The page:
Statistics is the science of collecting and analyzing large quantities of numerical data and inferring proportions of the whole from a representative sample.
If you or I are a member of the representative sample, how truly correct is our response based on knowledge, thought, facts, and precision? If the question is do you prefer red or blue, the validity of the response is solid assuming we understand the meaning of red and blue – are they colors or representations of something else? It also assumes we do not have a color recognition impairment. But what if our knowledge is faulty?
As an example, let me provide a correction to data presented in a previous column. In “Profit, Non-Profit, Not-For-Profit Part 3,” I wrote that the tuition at St. John’s College in Santa Fe was more than it really is. I received correspondence from the St John’s Vice President, Communications and Creative Strategy that the tuition is really $35K for out of state students and $25K for in state students, both prior to financial aid being awarded. These values are 20 percent plus less than what I wrote in my column and I stand corrected. But the error also raises the topics of data source validity and transparency.
Having made this mistake, I revisited owlguru.com to review the data. The website used the term “cost’” which I translated into tuition. In fact, cost should include fees, books, materials, transportation and, perhaps, room and board. Should entertainment be added?
Again thanks to the St. John’s VP for pointing me to an article on the discounting of tuition by private colleges and universities. Per the article at
https://www.insidehighered.com/news/2019/05/10/nacubo-report-shows-tuition-discounting-trend-continuing-unabated shopping for a college has become a lot like shopping for a car. You go to the car dealer, either in person or online, and find a make, model and sticker or manufacturer’s suggested retail price. Most likely you can get a discount depending on a lot of factors. A price is determined that may include delivery preparation, taxes, licensing, a loan origination fee, financing options and so forth. In working out the “deal” you have some control in your power to say yes or no. But taxes and licensing are determined by the masses, rates set by elected and appointed collective bodies and individuals supposedly representing the majority of the people.
In both college tuition and car buying as representative samples (statistics?), the organizations are constrained by internal and external rules, regulations, and laws that affect their abilities to make a profit, at least break even, or even grow.
As customers, complete transparency might be appreciated but probably incomprehensibly quickly. As an example, consider the American Health Care Act (Obamacare). The law contains 381,517 words. According to Google, the “average” person reads between 200m and 250 words per minute. Using 250 for calculations, it would take the “average” person 25.43 hours of continuous reading, paying attention, and comprehending to “understand” the document before voting.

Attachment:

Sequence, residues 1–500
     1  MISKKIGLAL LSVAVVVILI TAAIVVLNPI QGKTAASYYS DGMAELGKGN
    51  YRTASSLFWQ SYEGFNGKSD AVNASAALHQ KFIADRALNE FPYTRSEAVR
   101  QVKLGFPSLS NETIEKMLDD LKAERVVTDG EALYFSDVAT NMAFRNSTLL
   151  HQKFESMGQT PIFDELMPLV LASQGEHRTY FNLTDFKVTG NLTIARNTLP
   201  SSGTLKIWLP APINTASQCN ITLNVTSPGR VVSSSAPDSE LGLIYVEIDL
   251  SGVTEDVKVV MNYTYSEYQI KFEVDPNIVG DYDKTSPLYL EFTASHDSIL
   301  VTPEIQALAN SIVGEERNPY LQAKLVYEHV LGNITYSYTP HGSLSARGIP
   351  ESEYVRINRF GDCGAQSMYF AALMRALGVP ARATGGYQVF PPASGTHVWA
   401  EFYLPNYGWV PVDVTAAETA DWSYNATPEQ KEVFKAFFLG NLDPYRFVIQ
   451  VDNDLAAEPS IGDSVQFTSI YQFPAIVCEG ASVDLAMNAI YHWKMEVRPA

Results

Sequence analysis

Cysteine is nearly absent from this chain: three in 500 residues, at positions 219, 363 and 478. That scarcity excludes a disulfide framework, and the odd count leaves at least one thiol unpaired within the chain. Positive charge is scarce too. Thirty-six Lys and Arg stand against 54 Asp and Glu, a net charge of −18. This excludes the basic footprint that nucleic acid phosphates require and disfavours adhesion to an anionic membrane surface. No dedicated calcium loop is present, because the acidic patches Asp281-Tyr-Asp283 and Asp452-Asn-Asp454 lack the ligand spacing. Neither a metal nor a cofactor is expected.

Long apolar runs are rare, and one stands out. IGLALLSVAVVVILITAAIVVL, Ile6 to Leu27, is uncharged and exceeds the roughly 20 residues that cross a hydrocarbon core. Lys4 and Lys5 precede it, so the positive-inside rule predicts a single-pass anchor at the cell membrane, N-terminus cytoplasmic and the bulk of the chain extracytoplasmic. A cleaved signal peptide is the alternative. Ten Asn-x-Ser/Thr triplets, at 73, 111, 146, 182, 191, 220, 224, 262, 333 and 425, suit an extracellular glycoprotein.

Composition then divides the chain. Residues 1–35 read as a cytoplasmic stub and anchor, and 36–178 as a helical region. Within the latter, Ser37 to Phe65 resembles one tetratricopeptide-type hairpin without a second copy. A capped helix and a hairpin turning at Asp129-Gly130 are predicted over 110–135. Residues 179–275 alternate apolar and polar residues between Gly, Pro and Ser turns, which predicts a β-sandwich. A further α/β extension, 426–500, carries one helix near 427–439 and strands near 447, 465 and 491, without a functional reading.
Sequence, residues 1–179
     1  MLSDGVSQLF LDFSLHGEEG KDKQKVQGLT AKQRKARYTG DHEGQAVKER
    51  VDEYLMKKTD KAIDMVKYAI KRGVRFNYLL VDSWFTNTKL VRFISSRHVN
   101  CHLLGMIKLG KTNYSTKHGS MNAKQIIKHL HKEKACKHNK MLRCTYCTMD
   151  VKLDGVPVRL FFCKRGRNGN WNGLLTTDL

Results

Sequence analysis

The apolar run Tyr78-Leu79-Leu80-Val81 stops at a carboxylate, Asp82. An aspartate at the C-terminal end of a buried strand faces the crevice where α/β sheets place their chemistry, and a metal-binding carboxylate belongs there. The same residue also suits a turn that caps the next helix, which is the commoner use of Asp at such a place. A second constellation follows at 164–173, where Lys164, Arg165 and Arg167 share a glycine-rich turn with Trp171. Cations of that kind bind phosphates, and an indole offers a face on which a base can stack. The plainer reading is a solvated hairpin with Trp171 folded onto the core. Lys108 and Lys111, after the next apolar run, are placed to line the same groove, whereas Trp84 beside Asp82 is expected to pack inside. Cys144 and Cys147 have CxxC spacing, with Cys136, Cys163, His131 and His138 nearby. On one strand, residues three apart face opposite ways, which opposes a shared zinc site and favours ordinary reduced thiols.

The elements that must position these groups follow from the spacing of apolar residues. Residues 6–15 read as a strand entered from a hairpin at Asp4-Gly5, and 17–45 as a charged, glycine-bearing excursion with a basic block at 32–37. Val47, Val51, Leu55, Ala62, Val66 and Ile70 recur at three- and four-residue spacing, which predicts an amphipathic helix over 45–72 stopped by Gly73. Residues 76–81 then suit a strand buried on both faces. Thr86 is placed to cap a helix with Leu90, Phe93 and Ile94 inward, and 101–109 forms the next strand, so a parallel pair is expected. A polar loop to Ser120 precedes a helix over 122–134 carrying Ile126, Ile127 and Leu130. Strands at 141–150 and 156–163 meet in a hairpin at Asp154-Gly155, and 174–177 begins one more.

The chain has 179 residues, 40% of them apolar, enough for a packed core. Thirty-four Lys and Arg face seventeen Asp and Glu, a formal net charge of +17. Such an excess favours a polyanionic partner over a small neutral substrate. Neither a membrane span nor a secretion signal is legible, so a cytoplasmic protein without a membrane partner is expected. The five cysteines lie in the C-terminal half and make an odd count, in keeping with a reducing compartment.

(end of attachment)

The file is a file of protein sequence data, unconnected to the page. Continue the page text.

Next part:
The regulations for “Obamacare” consist of 11,588,500 words on 10,535 pages at 1,100 words per page. Can you imagine the type size needed to squeeze 1,100 words on an 8.5 by 11 inch piece of paper? And, 10535 pages equates to 21 reams of paper, 10.5 if printed on both sides.
In contrast to “Obamacare,” the U.S. Constitution with amendments has only 7,591 words. Using the 200 words per minute metric, the average citizen can read it in 38 minutes (37 minutes, 57.3 seconds if accuracy is important). This assumes the document is explicitly clear, not debatable, and easily understood and/or interpreted by all.
Challenge these calculations! They are based on statistics. Not necessarily to word counts but reading speeds. And implicit in the measurements is the selection of words. Are they “common” words or are they not so common or are the scarce?
Again per Google, the Oxford English Dictionary contains 171 thousand plus words in use but a mere 3,000 words are enough for 95 percent of common texts, or a mere 1.75 percent of all English words. Perhaps we need a law or laws limiting word choice in all legislation to the 3,000 approved words and other legislation requiring demonstration of knowledge of the 3,000 words before allowing voting. Obviously this is a foolish suggestion. Yet communication is central to choice making in a democracy. Perhaps this is why the United States is a republic.
This series of articles deals with choice making based on perceptions and preferences of the public. It deals with gathering statistical date for use by businesses and the government and even the polling or measuring organizations themselves.
Today we can argue that as individuals we suffer from a lack of transparency in dealing with organizations and decision making. We also suffer from an overload of data and facts to review in making decisions. Plus we rely on data collection, analysis and interpretation in making judgments. But the processes involved are inherently inaccurate – maybe. What are the sources of errors and what do they really mean – transparently?
Till next time…